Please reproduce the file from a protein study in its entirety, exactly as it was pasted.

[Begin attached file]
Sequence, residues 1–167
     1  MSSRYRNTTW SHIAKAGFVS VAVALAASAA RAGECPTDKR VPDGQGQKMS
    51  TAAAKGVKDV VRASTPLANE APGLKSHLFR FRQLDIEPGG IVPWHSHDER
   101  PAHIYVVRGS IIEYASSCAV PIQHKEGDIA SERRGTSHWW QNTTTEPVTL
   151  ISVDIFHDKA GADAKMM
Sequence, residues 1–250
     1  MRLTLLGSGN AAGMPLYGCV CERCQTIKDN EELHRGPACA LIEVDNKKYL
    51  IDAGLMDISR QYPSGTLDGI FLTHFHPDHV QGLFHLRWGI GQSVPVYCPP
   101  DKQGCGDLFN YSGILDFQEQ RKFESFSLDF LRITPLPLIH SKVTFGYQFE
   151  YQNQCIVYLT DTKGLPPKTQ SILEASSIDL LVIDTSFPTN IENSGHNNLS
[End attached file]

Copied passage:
Sequence, residues 1–167
     1  MSSRYRNTTW SHIAKAGFVS VAVALAASAA RAGECPTDKR VPDGQGQKMS
    51  TAAAKGVKDV VRASTPLANE APGLKSHLFR FRQLDIEPGG IVPWHSHDER
   101  PAHIYVVRGS IIEYASSCAV PIQHKEGDIA SERRGTSHWW QNTTTEPVTL
   151  ISVDIFHDKA GADAKMM
Sequence, residues 1–250
     1  MRLTLLGSGN AAGMPLYGCV CERCQTIKDN EELHRGPACA LIEVDNKKYL
    51  IDAGLMDISR QYPSGTLDGI FLTHFHPDHV QGLFHLRWGI GQSVPVYCPP
   101  DKQGCGDLFN YSGILDFQEQ RKFESFSLDF LRITPLPLIH SKVTFGYQFE
   151  YQNQCIVYLT DTKGLPPKTQ SILEASSIDL LVIDTSFPTN IENSGHNNLS